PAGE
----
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Our new place in Europe must be closer to Britain

The real headache facing the Government, as ministers like Leo Varadkar have indicated, is not the Budget. Other ministers are less sure of themselves about what will happen at the forthcoming EU summit and whether or not we can screw our courage to the sticking point as the euro crisis deepens. But the summit is very much our crisis as much as everyone else's and recognising this as well as knowing what to do about it overshadows our lives as nothing before has done.

Moreover, we are as much part of the solution as Germany is, and whereas Germany represents herself as being on a special level, enjoying the solitary splendour of supremacy and dictating the non-democratic terms of its fiscal empire, we are representative of a majority of the other nations.

Prodigal, ill-governed, foolish, greedy, blind and above all fearful, we are the norm. We should be standing together, with the majority, both of Mediterranean member states and of central European and Atlantic states. But we are not. Our foolish espousal of one failed attempt after another to create a safe market economy capable of sustaining that market's currency is likely to lead us into a parallel error in the immediate future. And this will be reinforced by our small and humble contribution to the debate. The broad terms have been foreshadowed and the contradictions in them are not reassuring. It is hard to see how we will get any fast-tracking to boost growth and job creation.

A central problem, against which we should be fighting tooth and nail, is the unhappy marriage between the so-called 'leaders' of the EU, and the member countries they so insolently rule. We have had more than a dozen failed policies, all more or less designed to cut down the spending of the debtor nations.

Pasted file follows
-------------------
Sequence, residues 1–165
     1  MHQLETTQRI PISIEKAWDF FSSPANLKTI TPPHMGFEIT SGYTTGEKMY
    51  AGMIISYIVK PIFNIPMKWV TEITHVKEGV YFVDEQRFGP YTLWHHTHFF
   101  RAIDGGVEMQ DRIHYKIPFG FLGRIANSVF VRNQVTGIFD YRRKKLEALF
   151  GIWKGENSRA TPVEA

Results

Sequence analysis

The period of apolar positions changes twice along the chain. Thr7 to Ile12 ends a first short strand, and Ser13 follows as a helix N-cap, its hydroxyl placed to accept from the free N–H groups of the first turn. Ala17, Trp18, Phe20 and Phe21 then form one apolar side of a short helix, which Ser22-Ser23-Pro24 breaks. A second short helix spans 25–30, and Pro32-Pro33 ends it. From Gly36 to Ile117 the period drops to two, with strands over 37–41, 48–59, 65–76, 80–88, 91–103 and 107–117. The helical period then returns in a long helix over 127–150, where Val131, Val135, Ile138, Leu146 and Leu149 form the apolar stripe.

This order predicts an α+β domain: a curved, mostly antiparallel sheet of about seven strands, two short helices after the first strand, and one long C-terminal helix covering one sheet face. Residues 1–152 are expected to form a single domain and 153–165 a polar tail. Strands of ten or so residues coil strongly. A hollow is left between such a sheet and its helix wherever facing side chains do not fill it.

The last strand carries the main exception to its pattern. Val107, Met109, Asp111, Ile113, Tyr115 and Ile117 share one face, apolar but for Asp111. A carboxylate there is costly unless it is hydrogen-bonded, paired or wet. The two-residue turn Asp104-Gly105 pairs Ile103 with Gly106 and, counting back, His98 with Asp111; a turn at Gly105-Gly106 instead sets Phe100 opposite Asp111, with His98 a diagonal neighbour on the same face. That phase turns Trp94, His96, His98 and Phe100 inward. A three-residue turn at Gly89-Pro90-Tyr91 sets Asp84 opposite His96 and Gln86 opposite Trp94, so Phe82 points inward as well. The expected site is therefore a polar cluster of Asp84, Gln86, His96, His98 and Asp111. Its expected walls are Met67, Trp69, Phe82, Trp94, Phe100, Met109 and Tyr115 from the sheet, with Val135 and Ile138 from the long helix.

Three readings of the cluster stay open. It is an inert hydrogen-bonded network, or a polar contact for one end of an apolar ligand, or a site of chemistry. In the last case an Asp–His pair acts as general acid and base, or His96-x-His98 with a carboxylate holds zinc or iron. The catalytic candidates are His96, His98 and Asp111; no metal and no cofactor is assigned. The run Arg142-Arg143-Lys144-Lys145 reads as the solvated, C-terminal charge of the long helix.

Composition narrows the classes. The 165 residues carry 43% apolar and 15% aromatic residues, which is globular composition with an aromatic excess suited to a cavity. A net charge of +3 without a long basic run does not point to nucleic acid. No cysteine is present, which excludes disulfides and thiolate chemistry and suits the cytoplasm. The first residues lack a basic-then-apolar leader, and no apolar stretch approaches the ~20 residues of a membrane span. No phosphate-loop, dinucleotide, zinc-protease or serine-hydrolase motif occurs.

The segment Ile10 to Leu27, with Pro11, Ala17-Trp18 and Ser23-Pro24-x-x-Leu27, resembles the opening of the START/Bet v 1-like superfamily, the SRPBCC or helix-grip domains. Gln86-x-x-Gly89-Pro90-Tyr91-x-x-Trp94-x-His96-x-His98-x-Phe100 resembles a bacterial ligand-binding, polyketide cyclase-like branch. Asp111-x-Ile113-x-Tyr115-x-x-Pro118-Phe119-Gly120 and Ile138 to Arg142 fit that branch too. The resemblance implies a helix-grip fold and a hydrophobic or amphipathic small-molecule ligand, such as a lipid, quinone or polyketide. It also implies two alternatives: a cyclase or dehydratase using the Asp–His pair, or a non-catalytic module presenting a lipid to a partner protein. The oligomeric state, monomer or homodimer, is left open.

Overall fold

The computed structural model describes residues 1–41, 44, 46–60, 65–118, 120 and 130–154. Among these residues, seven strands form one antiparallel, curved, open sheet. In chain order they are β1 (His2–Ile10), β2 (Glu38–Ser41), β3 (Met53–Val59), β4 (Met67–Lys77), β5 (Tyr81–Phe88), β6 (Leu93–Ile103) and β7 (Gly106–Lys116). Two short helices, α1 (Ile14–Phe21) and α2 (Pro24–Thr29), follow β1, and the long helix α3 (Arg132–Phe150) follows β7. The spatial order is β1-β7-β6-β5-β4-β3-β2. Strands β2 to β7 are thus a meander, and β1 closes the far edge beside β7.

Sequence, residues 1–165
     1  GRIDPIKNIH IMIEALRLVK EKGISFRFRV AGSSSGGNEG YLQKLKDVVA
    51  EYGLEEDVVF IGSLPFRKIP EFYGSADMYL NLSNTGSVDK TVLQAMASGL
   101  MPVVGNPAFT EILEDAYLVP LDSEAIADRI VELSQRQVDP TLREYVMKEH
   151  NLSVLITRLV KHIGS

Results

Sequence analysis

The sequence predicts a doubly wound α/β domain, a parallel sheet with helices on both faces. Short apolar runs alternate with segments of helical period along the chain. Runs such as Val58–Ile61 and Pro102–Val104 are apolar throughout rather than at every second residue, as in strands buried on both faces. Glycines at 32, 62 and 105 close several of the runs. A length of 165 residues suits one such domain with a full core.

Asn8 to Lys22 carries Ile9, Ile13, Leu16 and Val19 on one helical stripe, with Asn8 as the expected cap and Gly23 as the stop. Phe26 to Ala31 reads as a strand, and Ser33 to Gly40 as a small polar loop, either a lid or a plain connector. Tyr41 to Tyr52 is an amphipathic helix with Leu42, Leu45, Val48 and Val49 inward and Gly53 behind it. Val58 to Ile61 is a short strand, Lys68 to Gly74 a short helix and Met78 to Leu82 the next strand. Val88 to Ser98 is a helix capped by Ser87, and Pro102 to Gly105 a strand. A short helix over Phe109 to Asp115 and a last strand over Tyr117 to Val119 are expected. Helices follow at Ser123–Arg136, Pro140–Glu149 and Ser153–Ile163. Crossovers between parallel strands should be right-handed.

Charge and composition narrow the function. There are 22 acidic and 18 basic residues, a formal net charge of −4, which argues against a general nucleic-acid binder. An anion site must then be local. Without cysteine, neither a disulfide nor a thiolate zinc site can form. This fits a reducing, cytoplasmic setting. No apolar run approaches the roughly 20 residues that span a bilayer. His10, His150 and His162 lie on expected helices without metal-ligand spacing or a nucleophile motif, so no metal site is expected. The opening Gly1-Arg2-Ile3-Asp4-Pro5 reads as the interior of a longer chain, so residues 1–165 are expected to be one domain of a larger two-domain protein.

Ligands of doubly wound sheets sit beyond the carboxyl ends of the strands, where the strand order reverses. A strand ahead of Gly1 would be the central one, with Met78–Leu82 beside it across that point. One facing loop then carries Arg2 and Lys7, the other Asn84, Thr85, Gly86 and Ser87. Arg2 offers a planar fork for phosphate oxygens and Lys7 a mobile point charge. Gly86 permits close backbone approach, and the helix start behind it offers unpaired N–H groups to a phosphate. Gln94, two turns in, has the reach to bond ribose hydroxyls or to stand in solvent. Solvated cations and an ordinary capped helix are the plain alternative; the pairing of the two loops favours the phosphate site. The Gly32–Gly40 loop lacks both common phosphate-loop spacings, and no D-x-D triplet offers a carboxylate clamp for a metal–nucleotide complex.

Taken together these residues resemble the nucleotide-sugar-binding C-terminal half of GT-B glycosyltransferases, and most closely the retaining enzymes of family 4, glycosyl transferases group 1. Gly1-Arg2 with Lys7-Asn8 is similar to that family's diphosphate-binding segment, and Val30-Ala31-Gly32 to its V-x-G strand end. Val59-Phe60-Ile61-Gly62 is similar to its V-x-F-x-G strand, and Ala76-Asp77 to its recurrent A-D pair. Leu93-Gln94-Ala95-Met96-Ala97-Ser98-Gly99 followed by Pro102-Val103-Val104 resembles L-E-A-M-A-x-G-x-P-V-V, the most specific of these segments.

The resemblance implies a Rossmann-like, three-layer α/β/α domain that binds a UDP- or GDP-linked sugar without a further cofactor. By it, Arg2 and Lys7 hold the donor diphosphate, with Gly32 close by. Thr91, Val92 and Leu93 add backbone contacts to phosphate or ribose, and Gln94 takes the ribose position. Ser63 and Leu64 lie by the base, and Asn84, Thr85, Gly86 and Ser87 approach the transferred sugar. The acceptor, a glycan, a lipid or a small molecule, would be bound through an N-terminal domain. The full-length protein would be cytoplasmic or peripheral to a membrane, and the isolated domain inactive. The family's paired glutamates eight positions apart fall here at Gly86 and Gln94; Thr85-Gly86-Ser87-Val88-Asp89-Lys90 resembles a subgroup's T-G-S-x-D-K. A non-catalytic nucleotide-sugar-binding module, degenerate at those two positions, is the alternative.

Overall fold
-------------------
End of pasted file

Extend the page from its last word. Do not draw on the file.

How this will transform into the 'fast-tracking' Enda Kenny hopes for is bewildering. We are acutely familiar with this problem of failed policies, due to the bovine political stupidity that a) failed to regulate the banks, b) then led us into equally stupid failure to understand how to manage the banks, then c) the granting of an open-ended guarantee, and finally, d) giving in to the bailout.

A year on, we are still behoven to this sequence, still in thrall to our grubby little troika of bureaucrats, and still of a humour to welcome the next instalment of restrictive measures totally ill-suited to Ireland's needs. We must change this -- firstly by blocking treaty change if we can. Secondly, by insisting on an expansionist course. We have every justification for this. Largely without our involvement we have witnessed one after another of the EU 'solutions', all of them based on the strategy of reducing spending and controlling borrowing.

Is there a small businessman in Ireland, an unemployed person, a shopkeeper, a restaurant-owner, a farmer or smallholder, a taxi driver or service worker, who does not grasp easily and succinctly the devastating impact this Brussels strategy has had on us and on the majority of EU nations?

This baleful and increasingly restrictive basic policy has an iron hand of austerity behind it: reduce spending, control borrowing, make countries take on collective EU debts that have derived from bank indiscipline and live within our means. We cannot do that and the result of this -- despite the good effort by the present Government here -- is universally recognised.